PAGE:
Personal Statement: Where to Start and What to Write
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Personal Statement: Where to Start and What to Write

James Barton, head of admissions at MPW, warns students to steer clear of the clichés

How can you make your personal statement stand out? Here are some top tips on impression those university admissions tutors…

Personal statement MPW

Coco Chanel did a lot for the world of fashion, but can this also be said for the world of education? Annually, around 200 students believe it important that admissions tutors are informed of her philosophy, or the ideas of Julius Ceasar, Milton or Shakespeare and any other number of historical celebrities.

Well, here’s a hint. There is a strong chance that the admissions tutor for the respective course is aware of said great works, military campaign or philosopher, so don’t waste words telling them what they already know. In fact, avoid quotes altogether. The clue is in the title – it is a ‘personal statement’ and all words should be your own. A high impact opening is a must but students don’t have to have the gift of the Bard’s quill – they just need to be true to themselves.

Personal statement clichés

Every year, UCAS publishes the most overused lines in personal statements and they are worth looking at. As someone well versed in applications, it provokes a wry smile to read from someone so young, ‘For as long as I can remember’ but 1,451 students did this year. Phrases like these are overused and should be avoided.

What happens is that people panic. They don’t know how to start. Like the opening sentence of a letter – it is often the hardest line to write, yet the most straightforward. So, how to do it? Bluntly, write it last, or start where you feel most confident.

It is daunting when someone says, ‘sell yourself’, even worse when it is a teacher. I remember thinking I was the dullest person on the planet. My mental block kicked in and I started canvassing for, and trading stories to include in my autobiographical account. Huge mistake, of course, but if you remember that all you are being asked for is an accurate portrayal of yourself, it’s not that bad.

The advice I was given then still applies today – stop, think, make a list of all the things you have done, things you would want someone to know about you and, above all, don’t horse trade with your friends. Theirs will – and should – be different (it is worthwhile remembering we also live in an age of plagiarism software).

Why your personal statement is important

There is no magic wand that will get you into university, only a correct way of filling in the application. People question the importance of personal statements over grades. The truth is, they are important, perhaps not definitively, but in a time where the majority of universities do not interview students, this is their only way of getting to know candidates. So you have to make it count.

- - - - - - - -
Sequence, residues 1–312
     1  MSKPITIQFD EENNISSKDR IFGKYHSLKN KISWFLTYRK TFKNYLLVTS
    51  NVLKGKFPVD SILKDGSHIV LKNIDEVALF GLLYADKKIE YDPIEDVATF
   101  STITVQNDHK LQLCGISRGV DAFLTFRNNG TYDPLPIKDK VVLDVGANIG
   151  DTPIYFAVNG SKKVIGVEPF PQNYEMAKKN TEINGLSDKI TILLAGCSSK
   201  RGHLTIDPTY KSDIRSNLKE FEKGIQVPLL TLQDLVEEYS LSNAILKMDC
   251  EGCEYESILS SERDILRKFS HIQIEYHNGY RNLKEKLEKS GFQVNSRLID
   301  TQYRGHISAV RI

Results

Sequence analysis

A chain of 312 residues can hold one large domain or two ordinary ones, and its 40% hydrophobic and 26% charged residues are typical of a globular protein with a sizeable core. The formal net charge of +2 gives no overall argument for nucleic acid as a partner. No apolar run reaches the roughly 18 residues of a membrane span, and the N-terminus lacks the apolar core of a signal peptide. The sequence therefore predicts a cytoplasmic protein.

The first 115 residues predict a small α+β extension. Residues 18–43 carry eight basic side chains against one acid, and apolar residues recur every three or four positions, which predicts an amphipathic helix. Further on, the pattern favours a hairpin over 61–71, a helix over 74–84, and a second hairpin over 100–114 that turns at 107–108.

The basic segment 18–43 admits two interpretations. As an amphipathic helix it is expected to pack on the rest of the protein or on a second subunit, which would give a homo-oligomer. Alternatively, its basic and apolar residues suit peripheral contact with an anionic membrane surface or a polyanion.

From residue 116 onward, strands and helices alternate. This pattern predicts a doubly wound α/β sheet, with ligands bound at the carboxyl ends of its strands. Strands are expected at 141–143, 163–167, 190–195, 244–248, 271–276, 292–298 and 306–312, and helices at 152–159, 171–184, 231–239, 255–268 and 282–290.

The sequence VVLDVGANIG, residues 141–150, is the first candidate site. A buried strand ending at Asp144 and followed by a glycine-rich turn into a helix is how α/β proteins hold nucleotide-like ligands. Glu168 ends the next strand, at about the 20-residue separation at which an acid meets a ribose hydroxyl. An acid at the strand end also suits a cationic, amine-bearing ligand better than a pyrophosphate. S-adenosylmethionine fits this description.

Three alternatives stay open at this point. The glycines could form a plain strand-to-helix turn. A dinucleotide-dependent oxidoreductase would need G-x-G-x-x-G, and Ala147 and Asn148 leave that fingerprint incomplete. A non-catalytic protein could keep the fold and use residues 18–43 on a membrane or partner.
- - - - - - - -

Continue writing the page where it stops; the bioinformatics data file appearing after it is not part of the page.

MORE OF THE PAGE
These statements should present a reasoned argument as to why you wish to study the course, showing what you have done to research it. The latter point is vital, as through it, you gain that critical understanding as to whether this is the right path.

The key is to extrapolate the skills learnt through education and work experience, discuss what was discovered and how the knowledge you have gained can be applied. If work experience is lacking, then focus on wider reading and examples of life experiences that help prove interest. If reading is mentioned, be prepared to make a pertinent comment on what’s been read, but not a book review.

Closing statements are often as onerous as opening lines. The rule of thumb is – punchy and pithy – one sentence that makes a direct link back to the course and why you want to study it; a reason without arrogance, pretension or overconfidence. Be honest, be true to yourself and remember what your end goal is.

The Five-Paragraph Principle

Personal statement

1. Introduction

Why this course? The best personal statements will show real passion for the subject area. Remember, academics are passionate about their subject. If you are stuck on how to start, leave it until the end. These are stand-alone paragraphs.

2. A-levels  

How can you apply what you have learnt on your A-level courses to your work experience? The best personal statements tailor to relevant course details.

3. Work experience/wider reading

What have you done to investigate it? Be creative with how you can interpret work experience. Any work experience is valuable, provided that it can be related to the degree course in question. That said, try and make it relevant from the outset.

4. Extra-curricular

It is important for the admissions tutor to know more about them, even if it does not form the bulk of the personal statement. The important phrase here is why, not what, in terms of things you have done. 

5. Closing Statement

No more than one sentence is necessary to tie the piece together and give a compelling reason why the university should offer you a place, without arrogance. Keep it academic and to the point. It is not an essay. Do not write, ‘In conclusion’.

READ MORE: Five Steps to Choosing the Right University